Accountability priority for munitions personnel

By Airman Elliott Sprehe: 27th Fighter Wing Public Affairs

CANNON AIR FORCE BASE — Fly, fight and win. This is only a small portion of the new Airman’s Creed and without being able to fight, how would the world’s greatest Air Force be able to win?

To be able to fight, munitions accountability is paramount to success and the 27th Equipment Maintenance Squadron’s munitions flight knows all about that.

To make sure Cannon is prepared to fight, the 27th EMS’s ammo flight is currently in the process of conducting a 100 percent munitions inventory.

“That includes bullets for security forces, explosives for explosive ordinance disposal, and any of the explosive items, such as bombs, missiles or whatever goes on any airplane,” said Maj. James Rich, 27th EMS commander.

“It’s an inventory of every single item in the munitions stockpile,” said Tech. Sgt. Dayton Wenzel, 27th EMS. “Everything is looked at from quantities, stock number, condition code and location.”

The Air Force level mandated inventory is conducted annually and any time there is a new Munitions Accountable Systems Officer, or MASO.

“It’s basically switching hands from one person to another,” said Wenzel. “That person is appointed by the maintenance group commander.”

To conduct an inventory the account is frozen and a blind inventory is done. If, after the blind inventory is done, something is missing, a recount is performed of the specific item that is missing, said Wenzel.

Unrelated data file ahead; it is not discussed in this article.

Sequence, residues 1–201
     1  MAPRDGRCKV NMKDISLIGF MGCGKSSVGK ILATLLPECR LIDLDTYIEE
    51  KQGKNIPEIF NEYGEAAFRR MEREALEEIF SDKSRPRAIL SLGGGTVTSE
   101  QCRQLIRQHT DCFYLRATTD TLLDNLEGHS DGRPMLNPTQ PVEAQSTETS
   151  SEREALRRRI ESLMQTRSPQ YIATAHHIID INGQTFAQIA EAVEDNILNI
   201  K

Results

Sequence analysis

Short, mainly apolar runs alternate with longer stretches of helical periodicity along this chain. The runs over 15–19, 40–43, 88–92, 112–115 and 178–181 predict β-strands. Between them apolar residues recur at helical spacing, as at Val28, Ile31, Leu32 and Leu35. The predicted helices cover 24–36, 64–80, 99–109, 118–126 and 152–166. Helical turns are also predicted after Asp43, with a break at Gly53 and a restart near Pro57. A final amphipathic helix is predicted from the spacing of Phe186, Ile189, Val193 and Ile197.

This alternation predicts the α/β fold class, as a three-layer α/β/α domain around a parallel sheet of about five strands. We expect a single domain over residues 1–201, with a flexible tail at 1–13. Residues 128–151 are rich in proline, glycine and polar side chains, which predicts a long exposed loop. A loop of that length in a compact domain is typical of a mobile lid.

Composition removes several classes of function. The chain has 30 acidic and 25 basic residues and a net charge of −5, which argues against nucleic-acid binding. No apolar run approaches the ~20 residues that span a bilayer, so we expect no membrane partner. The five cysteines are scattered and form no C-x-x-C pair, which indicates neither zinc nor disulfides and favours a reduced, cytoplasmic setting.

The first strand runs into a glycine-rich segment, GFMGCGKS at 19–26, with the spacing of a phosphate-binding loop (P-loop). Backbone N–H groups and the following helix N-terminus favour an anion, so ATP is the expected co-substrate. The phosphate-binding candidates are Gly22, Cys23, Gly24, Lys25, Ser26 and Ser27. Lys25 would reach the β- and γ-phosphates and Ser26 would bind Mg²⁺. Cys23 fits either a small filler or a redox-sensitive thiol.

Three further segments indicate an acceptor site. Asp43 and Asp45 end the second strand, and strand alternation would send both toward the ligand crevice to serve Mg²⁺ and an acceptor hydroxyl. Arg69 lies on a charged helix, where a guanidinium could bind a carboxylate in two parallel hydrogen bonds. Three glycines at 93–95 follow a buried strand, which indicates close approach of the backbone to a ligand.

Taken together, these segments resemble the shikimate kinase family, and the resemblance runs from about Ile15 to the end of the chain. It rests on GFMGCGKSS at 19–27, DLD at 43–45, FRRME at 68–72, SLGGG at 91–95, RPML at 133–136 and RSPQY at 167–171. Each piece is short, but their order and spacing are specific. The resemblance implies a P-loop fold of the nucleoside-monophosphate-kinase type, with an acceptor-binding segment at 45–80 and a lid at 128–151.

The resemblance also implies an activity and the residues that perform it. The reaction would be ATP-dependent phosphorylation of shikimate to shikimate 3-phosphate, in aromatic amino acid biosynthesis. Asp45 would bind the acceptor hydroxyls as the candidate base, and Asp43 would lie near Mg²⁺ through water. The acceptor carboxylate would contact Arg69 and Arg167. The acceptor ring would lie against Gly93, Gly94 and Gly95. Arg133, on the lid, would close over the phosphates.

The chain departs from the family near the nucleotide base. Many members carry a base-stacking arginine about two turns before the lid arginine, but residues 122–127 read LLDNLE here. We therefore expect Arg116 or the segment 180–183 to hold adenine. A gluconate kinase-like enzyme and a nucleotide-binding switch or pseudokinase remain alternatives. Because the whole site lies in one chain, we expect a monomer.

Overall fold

With Cannon’s transition to Air Force Special Operations Command, there will soon be different munitions that will be housed at the “ammo dump.” While F-16 specific munitions will leave, the majority of the inventory will remain the same.

“There are different types of munitions that will support the AFSOC aircraft versus what we fly on the F-16s,” said Rich, but “there is no difference in how we conduct the inventory.”

“Munitions accountability is my number one priority,” said Rich. “There’s nothing more important to me than making sure munitions go where they’re supposed to go.

“It’s incredibly important to give the public trust that we can account for our munitions items. They trust us with their national security. They have to trust us with the means of securing that national security.”

“I have 100 percent faith and trust in my guys out at the bomb dump,” said Rich. “I cannot do their job. Even an airman basic can do what he’s trained to do and I don’t have to watch him.

“We do dangerous things safely.”